Topic Review
Taro Corms
Taro [Colocasia esculenta (L.) Schott] is an ancient tuberous crop that is cultivated in tropical and subtropical climates as staple food source. The edible part of taro widely used for human consumption is known as corm. Taro corms contain valuable bioactive molecules effective against cancer and cancer-related risk factors, such as carcinogens and biological agents, several pathophysiological conditions, including oxidative stress and inflammation, while controlling metabolic dysfunctions and boosting the immunological response. Such broad effects are achieved by the taro health-influencing compounds displaying antitumoral, antimutagenic, immunomodulatory, anti-inflammatory, antioxidant, anti-hyperglycemic, and anti-hyperlipidemic activities. Although these health-promoting effects have been recognized since ancient times, as well as other valuable features of taro for food profit, such as hypo-allergenicity, gluten-free, and carbohydrates with medium-glycemic index, taro crop remains underexploited.
  • 11.1K
  • 29 Jan 2021
Topic Review
The Tryptophan-Kynurenine Metabolic Pathway
Tryptophan (TRP) is one of the essential amino acids, which participates in protein synthesis. The tryptophan’s main metabolic route is the kynurenine pathway (KP) through which approximately 90-95% of TRP degrades into nicotinamide adenine dinucleotide (NAD+) and other bioactive metabolites. The appropriate amount of NAD+ is essential to maintain the operation and the viability of cells. The other molecules are neurotoxic, neuroprotective, oxidant, antioxidant, and/or immune modifiers. They play an important role in the function of the brain and the peripheral tissues. The change in the levels of the bioactive molecules is considered to contribute to the development of a wide range of illnesses from cancer to immunologic, neurodegenerative, and psychiatric diseases.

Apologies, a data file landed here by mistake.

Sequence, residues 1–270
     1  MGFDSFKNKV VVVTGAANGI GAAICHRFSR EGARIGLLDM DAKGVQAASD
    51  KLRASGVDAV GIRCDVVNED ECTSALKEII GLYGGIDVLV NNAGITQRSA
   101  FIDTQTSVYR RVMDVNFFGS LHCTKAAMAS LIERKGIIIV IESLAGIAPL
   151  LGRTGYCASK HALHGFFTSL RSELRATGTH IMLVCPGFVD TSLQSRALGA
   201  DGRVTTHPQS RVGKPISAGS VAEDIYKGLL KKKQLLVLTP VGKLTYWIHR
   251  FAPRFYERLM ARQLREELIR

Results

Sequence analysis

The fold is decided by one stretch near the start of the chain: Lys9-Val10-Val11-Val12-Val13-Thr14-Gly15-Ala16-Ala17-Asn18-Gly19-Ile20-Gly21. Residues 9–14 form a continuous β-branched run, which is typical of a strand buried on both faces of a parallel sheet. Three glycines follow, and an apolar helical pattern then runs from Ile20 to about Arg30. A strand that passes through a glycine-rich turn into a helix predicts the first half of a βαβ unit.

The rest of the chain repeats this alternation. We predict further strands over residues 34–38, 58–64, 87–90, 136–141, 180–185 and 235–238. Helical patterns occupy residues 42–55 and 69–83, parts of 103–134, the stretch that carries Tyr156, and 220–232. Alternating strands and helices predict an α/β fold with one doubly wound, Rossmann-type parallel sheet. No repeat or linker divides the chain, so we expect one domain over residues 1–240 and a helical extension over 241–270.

• 10.8K
  • 10 Aug 2021
Topic Review
Perceptual Organization
Gestalt theory has provided perceptual science with a conceptual framework relating to brain mechanisms that determine the way we see the visual world. This is referred to as "Perceptual Organization" and has inspired researchers in Psychology, Neuroscience and Computational Design ever since. The major Gestalt principles, such as the principle of Prägnanz, and more importantly the Gestalt laws of perceptual organization, have been critically important to our understanding of visual information processing, how the brain detects order in what we see, and derives likely perceptual representations from statistically significant structural regularities. The perceptual integration of contrast information across co-linear space for the organization of objects in the 2D image plane into figure and ground convey the most elementary basis to our understanding of the visual world. Gestalt theory continues to generate powerful concepts and insights for perceptual science even today, where it is to be placed in the context of image-base decision making by human minds and machines.
  • 10.0K
  • 22 Mar 2021
Topic Review
Hormonal Breast Enhancement
Hormonal breast enhancement or augmentation is a highly experimental potential medical treatment for the breasts in which hormones or hormonal agents such as estrogen, progesterone, growth hormone (GH), and insulin-like growth factor 1 (IGF-1) are utilized or manipulated to produce breast enlargement in women. It is a possible alternative or supplement to surgical breast augmentation with breast implants or fat transfer and other means of medical breast enlargement. In addition to pharmaceuticals, some herbal breast enlargement supplements contain phytoestrogens such as 8-prenylnaringenin (found in hops) and miroestrol (a constituent of Pueraria mirifica) and thus may be regarded as a form of hormonal breast enhancement. However, evidence of their effectiveness, as well as safety data, are lacking.
  • 9.3K
  • 24 Oct 2022
Topic Review
Pathophysiology of Obesity
Obesity is a challenging condition of excess body fat, caused by an imbalance in energy consumption and expenditure.
  • 8.8K
  • 18 Mar 2021
Topic Review
World Index of Moral Freedom